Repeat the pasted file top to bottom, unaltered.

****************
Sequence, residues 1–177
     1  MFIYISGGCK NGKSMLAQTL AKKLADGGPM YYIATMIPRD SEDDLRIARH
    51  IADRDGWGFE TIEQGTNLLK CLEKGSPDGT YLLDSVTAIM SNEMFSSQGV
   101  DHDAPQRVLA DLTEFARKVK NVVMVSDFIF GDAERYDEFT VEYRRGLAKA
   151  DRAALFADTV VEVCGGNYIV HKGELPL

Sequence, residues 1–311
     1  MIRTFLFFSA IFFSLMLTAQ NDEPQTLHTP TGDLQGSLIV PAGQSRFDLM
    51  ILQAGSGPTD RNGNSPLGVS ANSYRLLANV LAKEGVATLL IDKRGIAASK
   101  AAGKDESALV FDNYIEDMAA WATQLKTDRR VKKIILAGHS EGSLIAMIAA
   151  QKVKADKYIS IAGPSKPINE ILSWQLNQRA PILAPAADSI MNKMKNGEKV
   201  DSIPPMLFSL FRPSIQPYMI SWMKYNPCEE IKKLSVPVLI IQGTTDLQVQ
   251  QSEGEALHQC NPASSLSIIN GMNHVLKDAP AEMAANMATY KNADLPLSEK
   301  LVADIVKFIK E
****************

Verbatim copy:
Sequence, residues 1–177
     1  MFIYISGGCK NGKSMLAQTL AKKLADGGPM YYIATMIPRD SEDDLRIARH
    51  IADRDGWGFE TIEQGTNLLK CLEKGSPDGT YLLDSVTAIM SNEMFSSQGV
   101  DHDAPQRVLA DLTEFARKVK NVVMVSDFIF GDAERYDEFT VEYRRGLAKA
   151  DRAALFADTV VEVCGGNYIV HKGELPL

Sequence, residues 1–311
     1  MIRTFLFFSA IFFSLMLTAQ NDEPQTLHTP TGDLQGSLIV PAGQSRFDLM
    51  ILQAGSGPTD RNGNSPLGVS ANSYRLLANV LAKEGVATLL IDKRGIAASK
   101  AAGKDESALV FDNYIEDMAA WATQLKTDRR VKKIILAGHS EGSLIAMIAA
   151  QKVKADKYIS IAGPSKPINE ILSWQLNQRA PILAPAADSI MNKMKNGEKV
   201  DSIPPMLFSL FRPSIQPYMI SWMKYNPCEE IKKLSVPVLI IQGTTDLQVQ
   251  QSEGEALHQC NPASSLSIIN GMNHVLKDAP AEMAANMATY KNADLPLSEK
   301  LVADIVKFIK E